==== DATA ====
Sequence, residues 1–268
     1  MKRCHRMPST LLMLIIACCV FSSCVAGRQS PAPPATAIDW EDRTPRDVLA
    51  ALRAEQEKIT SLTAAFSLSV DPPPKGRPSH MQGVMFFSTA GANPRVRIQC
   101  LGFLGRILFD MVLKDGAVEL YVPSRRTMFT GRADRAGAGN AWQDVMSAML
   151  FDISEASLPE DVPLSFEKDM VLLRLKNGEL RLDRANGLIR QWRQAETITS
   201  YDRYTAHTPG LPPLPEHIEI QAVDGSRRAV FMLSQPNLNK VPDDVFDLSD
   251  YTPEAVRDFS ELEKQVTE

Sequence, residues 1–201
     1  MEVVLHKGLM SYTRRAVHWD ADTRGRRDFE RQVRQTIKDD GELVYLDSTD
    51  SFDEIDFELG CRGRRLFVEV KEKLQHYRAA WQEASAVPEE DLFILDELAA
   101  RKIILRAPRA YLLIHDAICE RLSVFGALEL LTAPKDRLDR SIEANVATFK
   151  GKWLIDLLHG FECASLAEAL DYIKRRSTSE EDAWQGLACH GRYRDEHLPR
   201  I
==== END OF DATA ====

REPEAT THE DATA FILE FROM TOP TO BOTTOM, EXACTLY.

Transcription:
Sequence, residues 1–268
     1  MKRCHRMPST LLMLIIACCV FSSCVAGRQS PAPPATAIDW EDRTPRDVLA
    51  ALRAEQEKIT SLTAAFSLSV DPPPKGRPSH MQGVMFFSTA GANPRVRIQC
   101  LGFLGRILFD MVLKDGAVEL YVPSRRTMFT GRADRAGAGN AWQDVMSAML
   151  FDISEASLPE DVPLSFEKDM VLLRLKNGEL RLDRANGLIR QWRQAETITS
   201  YDRYTAHTPG LPPLPEHIEI QAVDGSRRAV FMLSQPNLNK VPDDVFDLSD
   251  YTPEAVRDFS ELEKQVTE

Sequence, residues 1–201
     1  MEVVLHKGLM SYTRRAVHWD ADTRGRRDFE RQVRQTIKDD GELVYLDSTD
    51  SFDEIDFELG CRGRRLFVEV KEKLQHYRAA WQEASAVPEE DLFILDELAA
   101  RKIILRAPRA YLLIHDAICE RLSVFGALEL LTAPKDRLDR SIEANVATFK
   151  GKWLIDLLHG FECASLAEAL DYIKRRSTSE EDAWQGLACH GRYRDEHLPR
   201  I